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The Christian and Muslim population in sub-Saharan Africa is on a rise as it is declining in Europe.
Christianity has a future in sub-Saharan Africa, according to a new study by Pew Research Center. The religion is on a decline all over the world, especially in Europe. The reverse is true in sub-Saharan Africa, where high fertility rates and increasing church membership is driving the religion to become one of sub-Saharan Africa’s most predominant by 2060.

The research shows that by 2060, the number of Christians will increase to more than four-in-ten. In 2015, the Christian population in sub-Saharan Africa stood at 26 percent. The estimated figures set the future population of Christians at more than 40 percent. In contrast, Christian numbers are drastically falling in western countries, especially in Europe. The number of atheists, agnostics, and religious “nones”- the religiously unaffiliated, are set to see an increase. Studies on Christian demography show most Christians are aging in Europe, and with their passing away, the religion will slowly fade away as well.

The converse is true of the demographics in sub-Saharan Africa. Christians are younger in this region, indicating that the religion has a much more stable future than in Europe. There is a demographic shift in the U.S. as well, where the average age of Christians has become higher than it was a few years ago.

By 2060, more than 4-in-10 Christians expected to live in sub-Saharan Africa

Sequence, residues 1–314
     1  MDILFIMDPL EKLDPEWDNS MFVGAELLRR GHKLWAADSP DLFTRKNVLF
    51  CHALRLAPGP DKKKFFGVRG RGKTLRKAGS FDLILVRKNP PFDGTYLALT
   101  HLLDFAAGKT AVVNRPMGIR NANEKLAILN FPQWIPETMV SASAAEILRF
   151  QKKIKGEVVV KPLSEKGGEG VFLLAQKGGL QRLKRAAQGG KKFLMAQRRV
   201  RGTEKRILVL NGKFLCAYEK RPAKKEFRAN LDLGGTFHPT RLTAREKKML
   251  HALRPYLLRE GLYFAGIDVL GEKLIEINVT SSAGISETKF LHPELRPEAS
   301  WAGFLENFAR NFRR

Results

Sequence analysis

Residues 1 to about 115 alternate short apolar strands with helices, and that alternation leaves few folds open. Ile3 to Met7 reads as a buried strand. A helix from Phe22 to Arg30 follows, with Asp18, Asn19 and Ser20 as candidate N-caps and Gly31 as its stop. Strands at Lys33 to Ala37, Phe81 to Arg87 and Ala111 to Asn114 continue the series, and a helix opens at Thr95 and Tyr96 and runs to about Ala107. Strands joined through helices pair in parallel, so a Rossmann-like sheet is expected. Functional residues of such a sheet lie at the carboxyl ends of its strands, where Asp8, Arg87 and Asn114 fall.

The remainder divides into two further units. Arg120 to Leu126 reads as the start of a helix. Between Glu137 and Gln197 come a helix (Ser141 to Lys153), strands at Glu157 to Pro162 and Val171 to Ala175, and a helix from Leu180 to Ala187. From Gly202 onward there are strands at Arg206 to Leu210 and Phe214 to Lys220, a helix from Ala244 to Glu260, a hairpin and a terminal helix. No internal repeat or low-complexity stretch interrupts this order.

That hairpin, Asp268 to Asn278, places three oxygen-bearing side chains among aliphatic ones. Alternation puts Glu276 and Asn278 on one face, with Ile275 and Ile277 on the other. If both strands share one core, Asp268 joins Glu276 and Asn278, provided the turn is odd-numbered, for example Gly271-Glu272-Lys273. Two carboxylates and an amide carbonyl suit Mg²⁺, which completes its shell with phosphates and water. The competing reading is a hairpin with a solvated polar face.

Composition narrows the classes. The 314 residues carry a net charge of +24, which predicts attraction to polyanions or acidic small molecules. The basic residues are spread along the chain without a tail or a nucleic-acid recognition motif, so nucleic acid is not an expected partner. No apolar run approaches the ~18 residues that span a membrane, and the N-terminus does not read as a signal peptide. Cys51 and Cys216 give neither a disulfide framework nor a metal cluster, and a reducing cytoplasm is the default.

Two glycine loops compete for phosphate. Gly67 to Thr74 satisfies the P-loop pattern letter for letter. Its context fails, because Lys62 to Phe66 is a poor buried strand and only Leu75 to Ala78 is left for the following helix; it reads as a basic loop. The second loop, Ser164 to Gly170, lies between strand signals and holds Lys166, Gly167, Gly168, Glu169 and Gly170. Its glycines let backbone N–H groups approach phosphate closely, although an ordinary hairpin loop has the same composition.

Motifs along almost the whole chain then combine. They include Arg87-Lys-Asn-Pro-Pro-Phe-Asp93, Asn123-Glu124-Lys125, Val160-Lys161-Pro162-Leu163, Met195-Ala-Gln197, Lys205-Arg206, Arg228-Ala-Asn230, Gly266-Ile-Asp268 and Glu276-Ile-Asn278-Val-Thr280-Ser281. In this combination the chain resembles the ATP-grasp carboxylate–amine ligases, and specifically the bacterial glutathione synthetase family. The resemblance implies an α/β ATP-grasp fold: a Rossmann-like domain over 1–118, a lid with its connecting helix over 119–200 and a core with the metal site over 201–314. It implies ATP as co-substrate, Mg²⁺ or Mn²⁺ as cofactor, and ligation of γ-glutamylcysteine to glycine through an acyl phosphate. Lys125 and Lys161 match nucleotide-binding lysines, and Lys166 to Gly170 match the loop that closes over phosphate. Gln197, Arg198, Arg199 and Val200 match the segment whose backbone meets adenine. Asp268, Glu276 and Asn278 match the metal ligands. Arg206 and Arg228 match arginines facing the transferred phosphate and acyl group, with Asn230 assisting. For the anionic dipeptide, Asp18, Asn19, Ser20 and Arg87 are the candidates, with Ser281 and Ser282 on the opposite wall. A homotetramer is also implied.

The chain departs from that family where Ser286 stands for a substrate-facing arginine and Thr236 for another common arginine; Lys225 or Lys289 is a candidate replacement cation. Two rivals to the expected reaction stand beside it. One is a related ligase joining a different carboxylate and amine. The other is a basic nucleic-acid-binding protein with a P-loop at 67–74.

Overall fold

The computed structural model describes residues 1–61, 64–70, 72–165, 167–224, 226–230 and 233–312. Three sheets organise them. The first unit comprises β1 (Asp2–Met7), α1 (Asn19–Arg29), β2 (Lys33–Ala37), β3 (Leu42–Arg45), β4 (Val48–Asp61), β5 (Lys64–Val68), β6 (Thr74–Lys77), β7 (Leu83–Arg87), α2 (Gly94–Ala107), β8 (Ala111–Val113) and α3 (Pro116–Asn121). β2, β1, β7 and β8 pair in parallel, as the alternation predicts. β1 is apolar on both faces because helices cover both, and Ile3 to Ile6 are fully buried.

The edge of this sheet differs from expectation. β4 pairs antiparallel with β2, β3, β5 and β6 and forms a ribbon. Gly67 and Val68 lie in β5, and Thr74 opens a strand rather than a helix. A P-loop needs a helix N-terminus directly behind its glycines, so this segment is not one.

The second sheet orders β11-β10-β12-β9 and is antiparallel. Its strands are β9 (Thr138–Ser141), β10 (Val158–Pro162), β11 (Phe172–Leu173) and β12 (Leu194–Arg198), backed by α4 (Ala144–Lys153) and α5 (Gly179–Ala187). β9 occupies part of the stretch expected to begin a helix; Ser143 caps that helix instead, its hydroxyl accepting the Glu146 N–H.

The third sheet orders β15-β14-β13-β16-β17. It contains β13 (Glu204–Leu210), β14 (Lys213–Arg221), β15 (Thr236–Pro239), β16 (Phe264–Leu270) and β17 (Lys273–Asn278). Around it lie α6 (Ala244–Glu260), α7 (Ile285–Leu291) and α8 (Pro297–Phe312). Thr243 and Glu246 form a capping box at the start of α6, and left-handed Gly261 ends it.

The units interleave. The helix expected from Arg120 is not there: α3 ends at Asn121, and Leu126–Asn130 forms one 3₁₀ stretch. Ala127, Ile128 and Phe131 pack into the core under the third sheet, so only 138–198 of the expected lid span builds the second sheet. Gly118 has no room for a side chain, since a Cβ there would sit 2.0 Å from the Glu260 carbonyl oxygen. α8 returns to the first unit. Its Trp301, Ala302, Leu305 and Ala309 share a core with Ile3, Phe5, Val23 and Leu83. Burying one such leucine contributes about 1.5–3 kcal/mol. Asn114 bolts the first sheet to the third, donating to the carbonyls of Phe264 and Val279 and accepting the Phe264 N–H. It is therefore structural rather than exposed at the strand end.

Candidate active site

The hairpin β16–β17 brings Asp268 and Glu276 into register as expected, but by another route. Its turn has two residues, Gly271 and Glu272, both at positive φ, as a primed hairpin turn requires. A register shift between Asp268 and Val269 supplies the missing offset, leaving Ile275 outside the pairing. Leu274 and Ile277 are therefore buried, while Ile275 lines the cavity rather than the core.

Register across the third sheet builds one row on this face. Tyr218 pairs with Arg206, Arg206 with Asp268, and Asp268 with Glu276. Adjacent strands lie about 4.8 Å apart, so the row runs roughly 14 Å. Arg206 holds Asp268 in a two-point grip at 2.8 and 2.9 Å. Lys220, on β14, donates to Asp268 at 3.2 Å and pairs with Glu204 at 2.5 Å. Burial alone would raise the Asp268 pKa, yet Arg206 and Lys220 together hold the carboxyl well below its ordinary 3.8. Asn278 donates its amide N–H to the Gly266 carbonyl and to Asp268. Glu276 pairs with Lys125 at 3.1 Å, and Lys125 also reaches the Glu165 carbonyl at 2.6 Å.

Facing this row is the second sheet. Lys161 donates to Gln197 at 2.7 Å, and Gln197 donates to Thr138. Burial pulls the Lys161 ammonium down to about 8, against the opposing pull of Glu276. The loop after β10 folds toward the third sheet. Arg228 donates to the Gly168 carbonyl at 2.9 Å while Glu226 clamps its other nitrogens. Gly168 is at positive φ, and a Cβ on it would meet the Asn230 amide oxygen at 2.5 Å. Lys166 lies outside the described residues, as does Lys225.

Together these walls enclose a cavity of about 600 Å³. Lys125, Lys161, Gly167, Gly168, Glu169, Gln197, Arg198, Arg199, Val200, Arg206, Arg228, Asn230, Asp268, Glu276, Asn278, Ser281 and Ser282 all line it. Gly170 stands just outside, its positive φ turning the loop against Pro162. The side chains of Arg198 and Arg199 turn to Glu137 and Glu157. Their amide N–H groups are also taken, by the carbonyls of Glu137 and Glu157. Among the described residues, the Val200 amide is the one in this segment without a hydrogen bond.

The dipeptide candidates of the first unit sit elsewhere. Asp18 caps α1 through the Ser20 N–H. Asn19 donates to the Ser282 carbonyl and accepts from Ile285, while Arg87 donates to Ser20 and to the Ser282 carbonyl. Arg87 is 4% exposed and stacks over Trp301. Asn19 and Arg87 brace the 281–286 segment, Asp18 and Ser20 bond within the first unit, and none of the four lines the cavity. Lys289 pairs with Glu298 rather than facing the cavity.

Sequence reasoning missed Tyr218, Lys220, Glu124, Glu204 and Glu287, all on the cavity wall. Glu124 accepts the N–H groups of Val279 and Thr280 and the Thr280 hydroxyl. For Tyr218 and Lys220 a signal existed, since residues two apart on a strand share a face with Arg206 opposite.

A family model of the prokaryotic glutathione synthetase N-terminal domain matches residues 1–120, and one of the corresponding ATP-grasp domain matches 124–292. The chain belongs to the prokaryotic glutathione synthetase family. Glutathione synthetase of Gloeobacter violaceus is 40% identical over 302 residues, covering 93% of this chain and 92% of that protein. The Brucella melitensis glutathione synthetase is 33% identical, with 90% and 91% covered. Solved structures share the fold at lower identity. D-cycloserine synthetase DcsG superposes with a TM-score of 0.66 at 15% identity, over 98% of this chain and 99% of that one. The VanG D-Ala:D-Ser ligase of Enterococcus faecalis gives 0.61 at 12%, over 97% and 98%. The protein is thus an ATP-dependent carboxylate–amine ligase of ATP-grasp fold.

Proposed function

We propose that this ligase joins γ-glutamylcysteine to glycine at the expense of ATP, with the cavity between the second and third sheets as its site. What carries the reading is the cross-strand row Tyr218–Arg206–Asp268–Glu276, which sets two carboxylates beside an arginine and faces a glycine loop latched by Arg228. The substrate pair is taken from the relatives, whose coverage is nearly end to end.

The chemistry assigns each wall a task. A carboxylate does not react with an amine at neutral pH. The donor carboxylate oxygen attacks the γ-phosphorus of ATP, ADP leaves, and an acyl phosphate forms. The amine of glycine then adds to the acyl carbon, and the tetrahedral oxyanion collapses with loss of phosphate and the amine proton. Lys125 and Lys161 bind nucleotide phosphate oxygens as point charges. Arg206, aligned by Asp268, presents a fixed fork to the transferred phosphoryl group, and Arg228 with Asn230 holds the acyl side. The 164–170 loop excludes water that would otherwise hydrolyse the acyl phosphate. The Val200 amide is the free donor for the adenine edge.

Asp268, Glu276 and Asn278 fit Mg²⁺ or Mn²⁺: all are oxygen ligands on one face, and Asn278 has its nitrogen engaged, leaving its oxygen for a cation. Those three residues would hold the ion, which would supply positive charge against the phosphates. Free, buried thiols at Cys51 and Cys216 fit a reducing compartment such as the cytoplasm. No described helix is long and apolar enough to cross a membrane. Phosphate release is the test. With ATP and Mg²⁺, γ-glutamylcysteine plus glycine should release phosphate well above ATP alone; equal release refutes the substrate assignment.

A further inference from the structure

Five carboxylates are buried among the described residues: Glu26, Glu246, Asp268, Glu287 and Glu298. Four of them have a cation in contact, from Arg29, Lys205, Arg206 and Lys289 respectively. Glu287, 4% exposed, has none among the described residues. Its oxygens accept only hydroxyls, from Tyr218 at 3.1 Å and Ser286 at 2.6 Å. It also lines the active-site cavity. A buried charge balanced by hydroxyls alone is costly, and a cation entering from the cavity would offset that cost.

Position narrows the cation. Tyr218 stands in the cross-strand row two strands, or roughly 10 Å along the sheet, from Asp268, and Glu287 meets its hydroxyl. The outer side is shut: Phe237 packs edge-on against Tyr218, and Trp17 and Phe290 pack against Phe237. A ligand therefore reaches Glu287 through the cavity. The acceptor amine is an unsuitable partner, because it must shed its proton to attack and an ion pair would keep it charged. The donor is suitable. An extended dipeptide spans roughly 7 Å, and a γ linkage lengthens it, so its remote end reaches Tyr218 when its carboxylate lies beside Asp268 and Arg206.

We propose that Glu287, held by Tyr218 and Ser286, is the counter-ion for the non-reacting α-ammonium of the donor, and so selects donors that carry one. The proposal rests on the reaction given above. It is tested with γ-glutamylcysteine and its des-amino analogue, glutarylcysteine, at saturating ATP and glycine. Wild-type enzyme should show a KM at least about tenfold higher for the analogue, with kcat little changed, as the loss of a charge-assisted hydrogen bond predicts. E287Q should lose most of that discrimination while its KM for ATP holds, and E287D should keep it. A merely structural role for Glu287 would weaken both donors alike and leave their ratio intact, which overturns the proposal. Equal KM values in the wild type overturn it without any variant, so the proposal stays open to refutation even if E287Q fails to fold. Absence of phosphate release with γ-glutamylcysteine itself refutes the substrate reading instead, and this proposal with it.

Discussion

The same findings are true of Muslims in sub-Saharan Africa. Muslims too are projected to rise in numbers, and may even surpass the Muslim population of Middle-East North Africa. Muslim numbers also are increasing for the same reason as in the case of Christians. A young majority, high fertility rate, and low switching are the prime reasons for this increase. Muslim numbers are projected to rise worldwide as well and for the same reasons.

Although more and more people are becoming religious “nones,” the population of unaffiliated and atheistic groups is set to decline due to low birth rates. Although Muslims will make up a huge portion of the sub-Saharan population, Asia will still have half the world’s Islamic population, thanks to equally rising birth rates in Asian Muslim nations.

Buddhists and Hindus will continue to remain predominantly in Asia. Jews in Israel will increase from 42 percent today to 53 percent, mostly because of the high fertility rates among Israel’s Orthodox Jews, who make up the majority of the nation’s Jewish population. The number of Jews in the U.S. will decline from 40 percent to 32 percent.

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